How do I prepare to install an SSL certificate to my website?
There are some prerequisites that you’ll want to cover prior to installing your SSL certificate.
First, determine how many domain names you’ll need to cover with your certificate. There are a few different SSL certificate options:
Standard domain certificate: A commercially purchased single domain certificate will cover two primary domains, if you only have one website, you’ll want to use this to cover your www and non www version, i.e. www.pint.com and pint.com.
Wild card certificate: This option will cover your primary domain, and an unlimited number of single level subdomains. For example, a wild card cert for test.com would also cover blog.test.com, and mx.test.com. This would not cover another division, i.e blog.mx.test.com.
Multi-domain SAN certificate: This option would be used for multiple different domains, and deeper domain divisions. (i.e yourdomain.com, blog.yourdomain.com and blog.mx.yourdomain.com)6 You can cover up to 100 different domains with this option.
Make sure you can prove ownership of each domain name that you want to cover:
There are cases where a business might find they do not own or control the domain name they wish to cover with SSL, and you’ll need to in order to validate your domain. This typically happens when a web vendor purchases the client’s domain on behalf of the client. At this point, the domain is owned and managed by the third party vendor, which can sometimes get tricky.
Usually, a vendor will be cooperative and transfer the domain name upon proper request. If you don’t know who owns your domain name, you can usually locate an admin contact information via a WHOIS search, and contact the vendor via that method. You can see the WHOIS information for pint.com below.
What level of validation do I need?
Now that you know what type of certificate you’ll need, and have verified you can prove ownership of your domain names, it’s time to determine what level of validation you’ll want for your certificate. Most likely, you’ll just need basic Domain Validation (DV), unless you’re a major organization or financial institute. Here’s a breakdown of validation levels.
Domain Validation (DV): A certificate will be issued after the requested proves they own the domain name requested to be covered. The quickest and simplest validation.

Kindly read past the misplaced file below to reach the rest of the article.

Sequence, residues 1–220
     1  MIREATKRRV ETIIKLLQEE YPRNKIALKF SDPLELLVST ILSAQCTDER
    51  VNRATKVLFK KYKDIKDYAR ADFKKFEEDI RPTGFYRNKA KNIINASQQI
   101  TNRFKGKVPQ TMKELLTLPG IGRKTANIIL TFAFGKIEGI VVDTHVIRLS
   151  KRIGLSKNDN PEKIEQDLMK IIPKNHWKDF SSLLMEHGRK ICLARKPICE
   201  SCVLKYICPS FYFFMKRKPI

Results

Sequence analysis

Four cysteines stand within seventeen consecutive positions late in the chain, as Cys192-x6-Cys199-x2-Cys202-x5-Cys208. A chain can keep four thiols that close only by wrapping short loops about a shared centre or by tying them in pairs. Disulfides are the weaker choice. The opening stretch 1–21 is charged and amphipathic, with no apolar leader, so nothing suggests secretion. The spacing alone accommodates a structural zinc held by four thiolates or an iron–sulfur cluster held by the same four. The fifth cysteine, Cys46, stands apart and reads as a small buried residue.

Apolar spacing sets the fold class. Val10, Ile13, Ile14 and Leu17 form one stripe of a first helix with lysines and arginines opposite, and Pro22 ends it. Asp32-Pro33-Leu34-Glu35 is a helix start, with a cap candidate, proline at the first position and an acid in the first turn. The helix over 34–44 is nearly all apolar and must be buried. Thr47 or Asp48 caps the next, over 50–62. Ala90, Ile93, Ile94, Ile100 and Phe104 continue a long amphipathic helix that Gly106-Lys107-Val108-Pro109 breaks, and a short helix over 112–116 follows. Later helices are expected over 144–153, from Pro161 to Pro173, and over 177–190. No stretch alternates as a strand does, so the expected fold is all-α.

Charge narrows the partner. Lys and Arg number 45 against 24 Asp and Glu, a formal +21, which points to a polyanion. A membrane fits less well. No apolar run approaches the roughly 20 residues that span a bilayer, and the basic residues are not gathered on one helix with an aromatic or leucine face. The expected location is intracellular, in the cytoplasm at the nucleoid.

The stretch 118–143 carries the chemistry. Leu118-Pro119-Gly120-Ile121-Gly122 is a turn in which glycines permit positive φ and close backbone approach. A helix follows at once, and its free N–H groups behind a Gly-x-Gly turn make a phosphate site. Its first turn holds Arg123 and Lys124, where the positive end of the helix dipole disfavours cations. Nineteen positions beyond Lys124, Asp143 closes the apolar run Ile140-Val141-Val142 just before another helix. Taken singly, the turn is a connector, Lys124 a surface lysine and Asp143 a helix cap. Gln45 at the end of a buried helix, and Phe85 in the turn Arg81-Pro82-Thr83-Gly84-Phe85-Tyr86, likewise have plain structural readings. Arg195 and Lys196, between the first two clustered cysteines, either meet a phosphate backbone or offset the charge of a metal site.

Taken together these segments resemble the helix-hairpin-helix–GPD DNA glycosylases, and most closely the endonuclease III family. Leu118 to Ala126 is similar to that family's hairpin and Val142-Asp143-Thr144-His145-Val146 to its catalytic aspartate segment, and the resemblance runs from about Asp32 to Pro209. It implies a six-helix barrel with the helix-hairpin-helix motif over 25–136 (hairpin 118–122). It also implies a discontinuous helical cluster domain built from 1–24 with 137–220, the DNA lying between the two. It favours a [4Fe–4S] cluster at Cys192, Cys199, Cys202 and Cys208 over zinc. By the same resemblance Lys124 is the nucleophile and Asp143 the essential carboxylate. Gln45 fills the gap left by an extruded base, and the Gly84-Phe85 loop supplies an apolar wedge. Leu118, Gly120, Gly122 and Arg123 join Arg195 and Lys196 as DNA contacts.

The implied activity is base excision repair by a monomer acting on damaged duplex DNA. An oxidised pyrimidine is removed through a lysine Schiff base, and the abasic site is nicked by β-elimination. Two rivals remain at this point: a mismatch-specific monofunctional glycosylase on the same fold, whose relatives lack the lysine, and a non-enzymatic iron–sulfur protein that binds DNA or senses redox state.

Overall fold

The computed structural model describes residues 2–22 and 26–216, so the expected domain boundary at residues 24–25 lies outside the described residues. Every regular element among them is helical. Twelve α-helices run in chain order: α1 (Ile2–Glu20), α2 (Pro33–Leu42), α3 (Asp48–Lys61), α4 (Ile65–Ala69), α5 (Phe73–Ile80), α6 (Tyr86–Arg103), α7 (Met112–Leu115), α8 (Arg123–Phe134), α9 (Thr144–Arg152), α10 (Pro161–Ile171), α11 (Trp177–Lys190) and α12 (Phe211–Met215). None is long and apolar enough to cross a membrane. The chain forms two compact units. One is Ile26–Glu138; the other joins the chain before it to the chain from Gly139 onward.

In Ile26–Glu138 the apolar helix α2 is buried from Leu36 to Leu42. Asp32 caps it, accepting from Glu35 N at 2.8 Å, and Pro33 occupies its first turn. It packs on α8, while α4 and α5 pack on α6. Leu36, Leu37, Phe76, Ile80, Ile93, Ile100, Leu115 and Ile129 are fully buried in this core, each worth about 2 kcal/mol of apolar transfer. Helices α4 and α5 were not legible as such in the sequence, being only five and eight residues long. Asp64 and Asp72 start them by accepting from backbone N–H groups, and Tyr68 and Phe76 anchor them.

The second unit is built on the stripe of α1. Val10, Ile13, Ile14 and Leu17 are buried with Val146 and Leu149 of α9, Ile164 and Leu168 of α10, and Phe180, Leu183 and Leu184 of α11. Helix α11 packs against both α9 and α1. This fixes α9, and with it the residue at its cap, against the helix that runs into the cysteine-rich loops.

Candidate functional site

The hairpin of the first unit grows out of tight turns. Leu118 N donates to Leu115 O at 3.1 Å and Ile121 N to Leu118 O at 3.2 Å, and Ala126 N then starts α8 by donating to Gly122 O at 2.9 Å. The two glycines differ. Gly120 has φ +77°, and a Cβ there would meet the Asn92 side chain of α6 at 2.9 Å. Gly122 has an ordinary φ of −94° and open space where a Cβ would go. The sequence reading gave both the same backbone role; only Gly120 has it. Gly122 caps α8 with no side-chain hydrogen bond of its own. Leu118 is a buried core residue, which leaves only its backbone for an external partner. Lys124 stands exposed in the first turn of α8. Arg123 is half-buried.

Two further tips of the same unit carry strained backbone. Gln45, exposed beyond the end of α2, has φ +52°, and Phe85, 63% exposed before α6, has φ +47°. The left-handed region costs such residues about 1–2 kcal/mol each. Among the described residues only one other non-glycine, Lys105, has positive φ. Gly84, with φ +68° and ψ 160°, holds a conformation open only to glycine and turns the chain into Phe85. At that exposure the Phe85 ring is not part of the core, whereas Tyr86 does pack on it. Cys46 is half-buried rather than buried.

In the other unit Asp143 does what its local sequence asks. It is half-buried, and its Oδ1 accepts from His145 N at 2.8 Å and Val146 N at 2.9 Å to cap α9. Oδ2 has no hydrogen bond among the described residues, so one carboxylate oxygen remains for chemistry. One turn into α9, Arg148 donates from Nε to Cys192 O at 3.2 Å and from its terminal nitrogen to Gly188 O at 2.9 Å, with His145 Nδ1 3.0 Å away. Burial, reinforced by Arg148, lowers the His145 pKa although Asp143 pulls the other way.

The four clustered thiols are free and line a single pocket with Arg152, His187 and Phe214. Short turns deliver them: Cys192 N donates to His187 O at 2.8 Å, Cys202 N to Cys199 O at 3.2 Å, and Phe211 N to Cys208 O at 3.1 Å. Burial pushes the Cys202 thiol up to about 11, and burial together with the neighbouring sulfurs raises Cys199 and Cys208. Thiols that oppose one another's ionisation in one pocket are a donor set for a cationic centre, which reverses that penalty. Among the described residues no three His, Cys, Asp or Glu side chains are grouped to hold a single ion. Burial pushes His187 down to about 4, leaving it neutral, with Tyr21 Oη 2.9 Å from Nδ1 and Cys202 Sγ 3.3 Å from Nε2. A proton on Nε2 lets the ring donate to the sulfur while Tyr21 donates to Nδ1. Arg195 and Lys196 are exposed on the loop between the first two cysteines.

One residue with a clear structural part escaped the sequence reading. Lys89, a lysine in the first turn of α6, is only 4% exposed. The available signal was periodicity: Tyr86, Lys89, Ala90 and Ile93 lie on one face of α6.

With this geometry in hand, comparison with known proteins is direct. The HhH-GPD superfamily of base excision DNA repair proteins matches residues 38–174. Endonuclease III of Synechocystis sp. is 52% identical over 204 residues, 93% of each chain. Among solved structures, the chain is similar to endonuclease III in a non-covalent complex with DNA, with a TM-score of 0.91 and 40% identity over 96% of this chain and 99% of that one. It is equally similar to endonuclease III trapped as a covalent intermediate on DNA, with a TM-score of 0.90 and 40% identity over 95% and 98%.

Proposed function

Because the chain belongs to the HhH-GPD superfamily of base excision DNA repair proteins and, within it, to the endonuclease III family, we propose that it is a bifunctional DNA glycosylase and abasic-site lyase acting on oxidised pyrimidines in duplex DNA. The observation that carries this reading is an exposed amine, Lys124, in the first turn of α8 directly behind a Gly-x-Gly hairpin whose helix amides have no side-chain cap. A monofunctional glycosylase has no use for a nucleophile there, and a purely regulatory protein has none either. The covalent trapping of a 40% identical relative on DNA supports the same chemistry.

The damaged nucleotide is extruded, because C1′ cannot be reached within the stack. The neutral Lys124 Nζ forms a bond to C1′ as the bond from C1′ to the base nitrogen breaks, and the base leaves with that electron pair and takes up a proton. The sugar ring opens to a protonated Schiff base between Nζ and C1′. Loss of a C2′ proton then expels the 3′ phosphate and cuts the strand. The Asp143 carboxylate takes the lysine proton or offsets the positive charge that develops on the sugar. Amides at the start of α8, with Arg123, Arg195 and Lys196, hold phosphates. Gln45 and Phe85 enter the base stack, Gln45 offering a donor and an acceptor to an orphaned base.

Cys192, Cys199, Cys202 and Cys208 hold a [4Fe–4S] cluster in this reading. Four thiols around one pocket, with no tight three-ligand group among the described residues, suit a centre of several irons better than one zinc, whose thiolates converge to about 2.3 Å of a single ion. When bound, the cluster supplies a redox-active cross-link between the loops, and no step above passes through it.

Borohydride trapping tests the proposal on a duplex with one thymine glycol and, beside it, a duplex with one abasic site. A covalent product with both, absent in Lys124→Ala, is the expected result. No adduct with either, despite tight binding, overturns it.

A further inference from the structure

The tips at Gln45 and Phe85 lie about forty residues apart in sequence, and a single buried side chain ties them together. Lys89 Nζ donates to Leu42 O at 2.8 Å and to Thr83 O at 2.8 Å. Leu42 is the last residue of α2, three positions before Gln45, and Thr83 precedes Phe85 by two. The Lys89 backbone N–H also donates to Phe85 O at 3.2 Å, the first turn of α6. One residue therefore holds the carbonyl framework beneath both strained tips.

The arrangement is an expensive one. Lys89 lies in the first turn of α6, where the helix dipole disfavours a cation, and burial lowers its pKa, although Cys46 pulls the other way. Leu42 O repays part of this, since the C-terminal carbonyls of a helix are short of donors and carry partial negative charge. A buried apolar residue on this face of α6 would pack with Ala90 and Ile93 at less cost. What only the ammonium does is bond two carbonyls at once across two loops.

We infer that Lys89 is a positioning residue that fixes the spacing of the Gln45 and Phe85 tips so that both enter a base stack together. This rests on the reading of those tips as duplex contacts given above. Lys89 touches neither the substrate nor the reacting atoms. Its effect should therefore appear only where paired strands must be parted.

Extended Validation (EV): Typically used by large organizations wanting to ensure authenticity, this method of validation puts a company’s name in the URL bar along with the fancy green lock, like the PayPal website. Obtaining an EV certificate takes time and money, as you’ll need to take several steps before completion.
Should I use a paid or free SSL certificate?
Now that all your prerequisites are complete, you’ll want to obtain your SSL certificate from a commercial Certificate Authority (CA)6. You might choose to purchase the certificate from a vendor like GoDaddy, the costs for these certificates typically fall in the $100-$200 range, and need to be renewed each year at the same rate.
Unless there are specific reasons for needing to purchase the certificate, PINT recommends using the free certificate option offered by Let’s Encrypt. This new CA issues certificates that are trusted on most web browsers, and so far, these free, auto-renewing certificates have held strong for our clients and internal use.
Ready to install your SSL certificate?
There are a few additional steps in order to finalize your SSL setup. Items like requesting your public and private keys, validating your domain, downloading the certificate, and installing on your web server will also need to be completed.
We won’t cover those items in detail in this blog, but if you have any questions on installing an SSL certificate to your web server, or would like PINT’s assistance with securing your website’s data, please let us know.